- Uday Nair added an answer:4What are the latest research interest in special education,gifted education and creativity?Any interested researcher/ faculty in a joint research?Making use of 'Ubiquitous technologies' to adapt to varying needs of learners to cater innovation through creativity.Following
- Helen Muscat added an answer:4Is coaching an effective model to enhance professional development for today's health workforce?I am reviewing a number of professional development models and would like to know if others have engaged coaching as a professional development model. If so, has it worked, were there any challenges/resistance and what was the take up by staff?Like most things, it relies on a good facilitator . So if that is to be you, take some coaching yourself and this will aid you.Following
- Imran Siddiqui added an answer:36How is clinical leadership taught and assessed in your surgical training programme?Lack of leadership is a current topic and has been recently in the media after severe failings in NHS Trusts. Leadership is an important non-technical skill and it should be part of a surgical training programme. High risk organisations such as aviation developed rating scales that have been revised an applied to surgery such as NOTSS, NOTECHS and OTAS. To use those scales surgical trainers require training in previously mentioned scales.Leadership in general must be included in the earlier phase of the undergrad medical curriculum that might be the part of Learning or Study Skills. Once the graduates are skilled with the leadership qualities, then in postgraduate programs it could have enhanced specialty-wise domain. Further, the workplace based assessment could be very beneficial in assessing clinical leadership in surgical training programFollowing
- Florencia Maldia added an answer:18What can be done about unethical marketing?Exparel is a medication used in surgery. It is the liposomal version of bupivacaine. The company did 3 "pivotal" trials for its approval (www.fda.gov). 2 of these were against placebo and 1 was against bupivacaine. Exparel did better than placebo, but not better than bupivacaine. The exparel versus bupivacaine study was never published. The 2 placebo trials are heavily marketed.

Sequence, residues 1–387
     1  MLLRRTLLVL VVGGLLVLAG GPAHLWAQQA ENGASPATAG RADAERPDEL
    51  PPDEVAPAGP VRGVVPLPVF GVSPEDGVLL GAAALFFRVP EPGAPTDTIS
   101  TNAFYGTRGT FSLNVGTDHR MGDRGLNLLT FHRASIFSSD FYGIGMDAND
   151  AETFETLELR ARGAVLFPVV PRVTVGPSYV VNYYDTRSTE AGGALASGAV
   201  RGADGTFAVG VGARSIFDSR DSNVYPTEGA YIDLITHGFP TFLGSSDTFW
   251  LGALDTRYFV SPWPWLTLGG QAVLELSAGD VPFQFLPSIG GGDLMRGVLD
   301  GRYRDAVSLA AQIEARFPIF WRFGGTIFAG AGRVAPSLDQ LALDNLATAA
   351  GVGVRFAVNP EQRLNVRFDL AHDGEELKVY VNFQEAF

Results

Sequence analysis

Exparel is $300 versus $2 for bupivacaine.
I have put together an article with above details as well as other information that shows similar outcomes with exparel and bupivacaine and just submitted to pharmacy journal. However, seems like I should do more.I do not know the marketing laws and standards in context. I’m sharing my thoughts based on my understanding of data provided. I did not find error in terms of therapeutic effect and side effects in Exparel versus bupivacaine. In my understanding of your data the two medications yield similar therapeutic effect and the only difference is the price value in the market Exparel cost $300 and bupivacaine cost $2. Personally I did not find ethical issue or dilemma since there is no harmful effect in human. It’s drug pricing issue. The agency/state regulation on trade and industry needs to address the price cost.
Your transparency and knowledge contribution are fully appreciated but there is a need to consider related and relevant laws in context because it involves not only the ethical component but also legal component